To give perspective to this, the image quality of the Canon G1 X Mark II is better than any small sensor compact, but it is at best merely equal to that found in mirrorless cameras, and compared to the state of the art in that market category, the G1 X lags, though not by a great amount. In fact, the small sensor-ed Sony RX100M2 would visually give the Canon a run for its money, as the per-pixel noise advantage that the G1 X Mark 2 enjoys because of its larger pixels would also disadvantage it against the higher pixel count of the Sony. If you've been conditioned to think that larger sensors win over high pixel counts, then putting these two cameras side-by-side might change your mind.
The G1 X Mark II is an odd duck to compare. In terms of price and size, it is more like a mirrorless camera, but in how it handles, it behaves like a compact. As you can see below, it dwarfs the Sony NEX-5T and RX100M2. It is significantly heavier than than either of these two, and is more akin to the Fujifilm X-E2 in terms of size and handling.
|Sony NEX-5T, Canon G1 X Mark II, Sony RX100 M2|
It's most immediate competition is the Sony RX100M2. Both are variations of the dedicated lens / large sensor / compact body formula. There's no question, however, which is the more pocket-able camera:
|Left: Canon G1 X Mark II Right: Sony RX100M2|
If anything, the Canon is the first camera to truly succeed at making the RX100M2 look inexpensive... no easy feat. The Sony is an already pricey product, and the Canon... admittedly better in some regards... is especially pricey when you consider that it not only costs more than an entry-level DSLR, it costs more than mid-level consumer DSLR. The difference between these two cameras comes down to the Canon's lens and larger sensor size... if you value having a brighter average aperture over the zoom range and want to have meaningful development of bokeh, then the Canon is your camera. However, it's size and weight makes it feel more clumsy than the Sony; this is not a pocketable camera like the RX100M2... unless you count overcoat pockets.
Perhaps the largest competition that the G1 X Mark II has to face is not against other such cameras, but against its DSLR siblings. The problem with Canon (and Nikon) is that it is heavily invested in providing DSLR's; though some companies are able to diversify into multiple lineups, few can do so with consistent focus. That is almost certainly the case with Sony, which has taken a "see what sticks" approach to product planning, which has produced mixed results. Canon's internal incentives are in prolonging the dominance of the DSLR for as long as possible, and that priority shows in how their mirrorless offerings have turned out. The EOS M, though popular elsewhere in the world, is now an afterthought in the North American market. The original G1 X should have been remembered as a precursor to the current mirrorless "revolution", but it is most often remembered for being slow. The Mark II solves most of the underachievement, but is noticeably deficient in one area: the sensor. There's no phase detection and the resolution is lower than what similarly priced cameras offer at the same image quality.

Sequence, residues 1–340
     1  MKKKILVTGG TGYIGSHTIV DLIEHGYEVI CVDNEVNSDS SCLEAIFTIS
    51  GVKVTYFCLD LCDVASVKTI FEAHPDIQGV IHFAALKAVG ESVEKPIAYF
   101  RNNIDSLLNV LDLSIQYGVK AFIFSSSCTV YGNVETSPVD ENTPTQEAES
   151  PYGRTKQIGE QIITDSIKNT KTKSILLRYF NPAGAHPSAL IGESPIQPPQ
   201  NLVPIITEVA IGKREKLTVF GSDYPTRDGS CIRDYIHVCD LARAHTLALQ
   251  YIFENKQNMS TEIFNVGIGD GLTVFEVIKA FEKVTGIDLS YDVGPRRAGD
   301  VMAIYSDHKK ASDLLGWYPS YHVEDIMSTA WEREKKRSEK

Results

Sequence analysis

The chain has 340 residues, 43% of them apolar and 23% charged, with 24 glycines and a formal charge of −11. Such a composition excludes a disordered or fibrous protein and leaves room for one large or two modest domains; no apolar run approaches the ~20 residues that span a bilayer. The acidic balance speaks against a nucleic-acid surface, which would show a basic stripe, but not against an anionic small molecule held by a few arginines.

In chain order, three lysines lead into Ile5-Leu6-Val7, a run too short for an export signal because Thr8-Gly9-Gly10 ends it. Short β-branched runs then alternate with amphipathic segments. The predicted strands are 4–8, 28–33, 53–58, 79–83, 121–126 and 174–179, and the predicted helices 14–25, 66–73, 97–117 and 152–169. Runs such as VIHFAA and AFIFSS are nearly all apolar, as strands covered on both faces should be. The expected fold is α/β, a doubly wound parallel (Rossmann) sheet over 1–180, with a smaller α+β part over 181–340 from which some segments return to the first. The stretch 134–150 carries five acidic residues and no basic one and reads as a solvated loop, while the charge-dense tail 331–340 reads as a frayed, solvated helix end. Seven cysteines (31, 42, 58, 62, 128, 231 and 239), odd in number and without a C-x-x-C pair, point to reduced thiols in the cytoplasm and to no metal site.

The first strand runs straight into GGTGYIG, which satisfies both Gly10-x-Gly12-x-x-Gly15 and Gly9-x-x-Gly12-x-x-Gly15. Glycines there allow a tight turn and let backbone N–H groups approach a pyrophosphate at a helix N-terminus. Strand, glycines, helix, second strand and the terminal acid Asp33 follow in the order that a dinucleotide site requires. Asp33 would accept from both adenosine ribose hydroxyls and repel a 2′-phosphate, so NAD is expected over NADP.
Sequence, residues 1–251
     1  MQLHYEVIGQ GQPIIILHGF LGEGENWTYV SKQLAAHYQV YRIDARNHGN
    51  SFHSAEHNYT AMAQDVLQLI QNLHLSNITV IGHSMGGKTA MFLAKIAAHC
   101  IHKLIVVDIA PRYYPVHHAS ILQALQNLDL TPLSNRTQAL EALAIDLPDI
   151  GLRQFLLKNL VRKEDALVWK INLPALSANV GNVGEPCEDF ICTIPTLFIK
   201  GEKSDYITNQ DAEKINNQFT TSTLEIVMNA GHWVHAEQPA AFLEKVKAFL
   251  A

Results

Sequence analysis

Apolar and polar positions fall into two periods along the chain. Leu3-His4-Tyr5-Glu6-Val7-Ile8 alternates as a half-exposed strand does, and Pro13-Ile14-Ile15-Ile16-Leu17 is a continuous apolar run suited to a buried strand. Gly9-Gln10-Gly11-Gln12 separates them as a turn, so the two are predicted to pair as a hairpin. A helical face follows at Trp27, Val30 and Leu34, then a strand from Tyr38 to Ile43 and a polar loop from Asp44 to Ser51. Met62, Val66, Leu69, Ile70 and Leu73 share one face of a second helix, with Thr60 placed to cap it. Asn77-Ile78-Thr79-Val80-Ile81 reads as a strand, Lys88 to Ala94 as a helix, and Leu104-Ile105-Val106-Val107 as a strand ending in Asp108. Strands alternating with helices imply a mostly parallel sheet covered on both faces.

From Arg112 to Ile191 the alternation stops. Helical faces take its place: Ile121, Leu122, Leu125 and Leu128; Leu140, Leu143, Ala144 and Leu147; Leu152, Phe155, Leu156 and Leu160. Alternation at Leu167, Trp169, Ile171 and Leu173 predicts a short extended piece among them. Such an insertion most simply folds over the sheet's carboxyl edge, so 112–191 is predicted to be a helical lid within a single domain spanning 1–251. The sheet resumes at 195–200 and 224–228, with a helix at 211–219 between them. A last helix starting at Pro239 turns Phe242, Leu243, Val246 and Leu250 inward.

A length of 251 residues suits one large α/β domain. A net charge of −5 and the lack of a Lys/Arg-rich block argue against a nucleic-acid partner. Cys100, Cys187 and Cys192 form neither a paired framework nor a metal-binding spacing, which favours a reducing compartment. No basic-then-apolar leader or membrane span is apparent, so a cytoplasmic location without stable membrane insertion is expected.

The problem that most people will have with this camera is the price, but at heart, that is also a problem with this camera's mission. Are people looking for a portable camera truly looking for something of this size and caliber? If you read the camera forums you might be lead into thinking that the answer to that question is "yes", but what people talk about and what they actually buy are two different things.Judged on its own merits , the G1 X Mark II is a good camera. If you are the sort use a DSLR but keep a small compact for light travel days, then this camera might be a candidate if you are looking to consolidate your gear. A person stepping into the G1 X Mark II from a lesser camera might never feel compelled to upgrade to a DSLR afterwards because of the rich feature set and image quality. A technical tour de force, but not a camera that will appeal to everybody.
With thanks to Broadway Camera.